THOMASIAN visual artists set the agenda for the new administration through Pitong Salita: Paalala sa Bagong Administrasyon, an exhibit at the Sining Kamalig of the Gateway Mall in Quezon City last June 7 to 30.

Dominique Alfonso, Kevin Fernandez, Luis Hernandez, Darylle Cajucom, Jay Jamoralin, JR Urao, and Michael Zacari showcased their visual flair to depict social and political concerns that should preoccupy the new administration of President Benigno Aquino III. Enrico Manlapaz was the curator.

UST College of Fine Arts and Design graduates Jamoralin and Fernandez employed comic styles and rich symbolisms to portray social and political ills in the Philippines.

Jamoralin’s “Pito: Ang Pag-aaklas” satirized business, government and religious officials by depicting them as part human, part beast. Predictably enough, public officials are depicted as crocodiles.

Fernandez’s “Pinunong Trapo” shows a man sitting on a golden throne while wearing earphones with his eyes closed, as if listening to music. This work criticizes the callousness of public officials.

A womanlady with a tenacious gaze is portrayed in Alfonso’s “Gabriella X: Iron Gaze,” a commentary on women’s struggle for equality in a patriarchal society.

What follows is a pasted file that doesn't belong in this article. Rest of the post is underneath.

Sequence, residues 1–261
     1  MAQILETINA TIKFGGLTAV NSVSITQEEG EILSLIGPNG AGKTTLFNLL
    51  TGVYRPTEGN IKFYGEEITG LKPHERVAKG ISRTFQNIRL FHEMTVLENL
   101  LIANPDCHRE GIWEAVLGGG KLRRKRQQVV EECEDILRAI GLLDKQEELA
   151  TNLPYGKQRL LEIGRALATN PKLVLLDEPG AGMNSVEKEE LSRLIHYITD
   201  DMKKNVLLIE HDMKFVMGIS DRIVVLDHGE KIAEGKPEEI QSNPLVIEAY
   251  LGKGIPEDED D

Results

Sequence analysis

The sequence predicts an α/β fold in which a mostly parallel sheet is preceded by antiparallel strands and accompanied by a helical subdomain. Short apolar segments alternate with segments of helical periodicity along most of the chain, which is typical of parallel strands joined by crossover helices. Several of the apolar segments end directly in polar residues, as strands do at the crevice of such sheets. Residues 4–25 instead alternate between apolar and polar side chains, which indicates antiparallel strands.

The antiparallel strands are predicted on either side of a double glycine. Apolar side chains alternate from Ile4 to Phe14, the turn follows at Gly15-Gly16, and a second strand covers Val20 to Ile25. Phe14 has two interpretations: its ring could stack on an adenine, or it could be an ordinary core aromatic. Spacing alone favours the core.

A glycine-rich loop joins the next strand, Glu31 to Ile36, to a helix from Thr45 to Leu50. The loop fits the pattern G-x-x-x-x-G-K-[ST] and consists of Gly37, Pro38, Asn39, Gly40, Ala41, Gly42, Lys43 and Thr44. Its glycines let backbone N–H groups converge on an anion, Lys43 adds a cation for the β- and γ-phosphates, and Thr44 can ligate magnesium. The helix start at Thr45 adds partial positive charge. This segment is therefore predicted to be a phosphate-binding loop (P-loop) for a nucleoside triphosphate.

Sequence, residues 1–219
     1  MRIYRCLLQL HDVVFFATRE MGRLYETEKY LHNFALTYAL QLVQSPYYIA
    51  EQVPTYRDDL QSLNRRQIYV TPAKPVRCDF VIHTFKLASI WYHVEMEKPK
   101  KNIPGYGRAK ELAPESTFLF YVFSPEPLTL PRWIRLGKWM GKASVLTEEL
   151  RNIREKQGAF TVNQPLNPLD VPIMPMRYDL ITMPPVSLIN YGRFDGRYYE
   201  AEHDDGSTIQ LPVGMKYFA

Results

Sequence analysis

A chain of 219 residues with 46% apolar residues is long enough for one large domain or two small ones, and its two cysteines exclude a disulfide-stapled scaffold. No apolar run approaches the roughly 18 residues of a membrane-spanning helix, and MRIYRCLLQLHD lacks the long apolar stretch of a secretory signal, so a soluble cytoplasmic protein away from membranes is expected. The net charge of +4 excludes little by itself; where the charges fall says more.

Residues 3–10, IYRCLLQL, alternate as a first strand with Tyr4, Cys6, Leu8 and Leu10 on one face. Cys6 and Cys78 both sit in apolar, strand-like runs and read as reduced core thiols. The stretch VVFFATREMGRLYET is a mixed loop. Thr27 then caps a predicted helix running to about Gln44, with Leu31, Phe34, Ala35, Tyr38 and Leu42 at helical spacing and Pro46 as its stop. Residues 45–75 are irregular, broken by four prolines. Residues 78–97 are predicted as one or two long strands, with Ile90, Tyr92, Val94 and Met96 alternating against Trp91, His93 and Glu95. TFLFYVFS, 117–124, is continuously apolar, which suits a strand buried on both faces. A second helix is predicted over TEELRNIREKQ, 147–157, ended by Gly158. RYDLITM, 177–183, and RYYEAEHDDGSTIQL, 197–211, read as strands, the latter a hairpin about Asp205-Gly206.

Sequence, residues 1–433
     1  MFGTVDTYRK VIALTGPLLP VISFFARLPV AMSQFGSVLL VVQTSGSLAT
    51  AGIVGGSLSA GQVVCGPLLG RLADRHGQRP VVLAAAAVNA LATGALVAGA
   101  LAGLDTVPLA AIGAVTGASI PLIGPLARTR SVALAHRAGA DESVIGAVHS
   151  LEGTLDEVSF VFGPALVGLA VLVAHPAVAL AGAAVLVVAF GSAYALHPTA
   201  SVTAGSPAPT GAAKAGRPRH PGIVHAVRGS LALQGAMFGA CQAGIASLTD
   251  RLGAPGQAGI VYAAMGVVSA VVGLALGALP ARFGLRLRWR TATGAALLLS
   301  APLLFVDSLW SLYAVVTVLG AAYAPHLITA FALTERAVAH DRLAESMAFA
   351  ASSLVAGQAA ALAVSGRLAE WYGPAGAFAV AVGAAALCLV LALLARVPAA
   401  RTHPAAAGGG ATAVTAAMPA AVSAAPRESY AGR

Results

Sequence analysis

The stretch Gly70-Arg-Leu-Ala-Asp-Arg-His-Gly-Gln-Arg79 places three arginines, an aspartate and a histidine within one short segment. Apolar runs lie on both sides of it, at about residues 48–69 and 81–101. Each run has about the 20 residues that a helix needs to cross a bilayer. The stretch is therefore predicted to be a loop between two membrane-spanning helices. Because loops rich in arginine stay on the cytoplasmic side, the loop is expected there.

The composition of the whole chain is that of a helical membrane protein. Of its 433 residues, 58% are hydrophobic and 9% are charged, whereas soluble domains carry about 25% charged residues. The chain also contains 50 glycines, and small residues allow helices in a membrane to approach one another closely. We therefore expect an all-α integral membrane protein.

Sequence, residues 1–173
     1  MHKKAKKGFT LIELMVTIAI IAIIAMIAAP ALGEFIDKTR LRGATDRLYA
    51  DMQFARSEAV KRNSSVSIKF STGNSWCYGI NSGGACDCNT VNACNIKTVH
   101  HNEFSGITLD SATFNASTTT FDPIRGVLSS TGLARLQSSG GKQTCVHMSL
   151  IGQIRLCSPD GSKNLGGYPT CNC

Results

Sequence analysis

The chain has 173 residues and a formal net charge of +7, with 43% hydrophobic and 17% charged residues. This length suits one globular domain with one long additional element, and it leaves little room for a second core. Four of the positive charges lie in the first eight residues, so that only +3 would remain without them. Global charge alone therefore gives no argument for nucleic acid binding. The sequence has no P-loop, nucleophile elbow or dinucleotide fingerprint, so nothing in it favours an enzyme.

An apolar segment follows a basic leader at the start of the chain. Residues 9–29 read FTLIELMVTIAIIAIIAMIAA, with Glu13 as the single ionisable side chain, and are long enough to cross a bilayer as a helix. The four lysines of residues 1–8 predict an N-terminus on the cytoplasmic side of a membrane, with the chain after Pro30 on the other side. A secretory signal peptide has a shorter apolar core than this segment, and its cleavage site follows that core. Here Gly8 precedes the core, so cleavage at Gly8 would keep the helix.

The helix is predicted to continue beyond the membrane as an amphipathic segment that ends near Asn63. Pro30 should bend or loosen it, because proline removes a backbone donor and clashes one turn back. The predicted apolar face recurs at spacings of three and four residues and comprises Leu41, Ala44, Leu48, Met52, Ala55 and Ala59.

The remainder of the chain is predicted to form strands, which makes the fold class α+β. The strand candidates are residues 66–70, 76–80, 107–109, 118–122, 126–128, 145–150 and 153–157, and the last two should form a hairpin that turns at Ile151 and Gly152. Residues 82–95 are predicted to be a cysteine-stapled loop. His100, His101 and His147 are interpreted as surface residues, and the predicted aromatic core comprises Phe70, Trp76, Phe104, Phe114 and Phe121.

On the other hand, Cajucom’s “ABCDEQ” meshes different symbols to portray the delicate issues of prostitution and media irresponsibility.

Hernandez’s work features imagery of men with disfigured faces, skin complexions ranging from orange to green, and heavily wrinkled bodies done in a comical fashion. In “War and Hunger,” a man tightens his belt while two smaller deformed entities are fighting atop his head. It signifies men’s daily strife to be free from hunger and to live in peace.

Science graduates, quo vadis?

“The Great Anxiety” by Urao details a girl who seems more worried over a tamed rabbit on top of her head than her bleeding arm. The girl is a representation of how people tend to be anxious over petty issues but are unaffected by more serious matters.

Zacaria employs minimalism. “Pig Portrait,” as the name implies, is a depiction of a pig in a dim background. It may signify the infamous “pork barrel,” which some say is the root of public official’s corruption.

More than just an art exhibit, Paalala is a ringing artist plea for an honest and sincere leadership.


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